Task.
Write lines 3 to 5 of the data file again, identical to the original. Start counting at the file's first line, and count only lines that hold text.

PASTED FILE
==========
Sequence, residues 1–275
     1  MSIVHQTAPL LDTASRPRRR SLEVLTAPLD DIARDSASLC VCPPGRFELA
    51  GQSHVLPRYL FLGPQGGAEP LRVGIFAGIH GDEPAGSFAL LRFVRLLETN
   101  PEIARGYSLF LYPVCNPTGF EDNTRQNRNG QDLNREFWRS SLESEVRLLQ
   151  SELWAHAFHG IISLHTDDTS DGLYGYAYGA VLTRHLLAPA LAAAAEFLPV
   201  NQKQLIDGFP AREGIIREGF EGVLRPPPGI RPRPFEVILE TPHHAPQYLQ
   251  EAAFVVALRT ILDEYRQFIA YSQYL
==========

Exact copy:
    51  GQSHVLPRYL FLGPQGGAEP LRVGIFAGIH GDEPAGSFAL LRFVRLLETN
   101  PEIARGYSLF LYPVCNPTGF EDNTRQNRNG QDLNREFWRS SLESEVRLLQ
   151  SELWAHAFHG IISLHTDDTS DGLYGYAYGA VLTRHLLAPA LAAAAEFLPV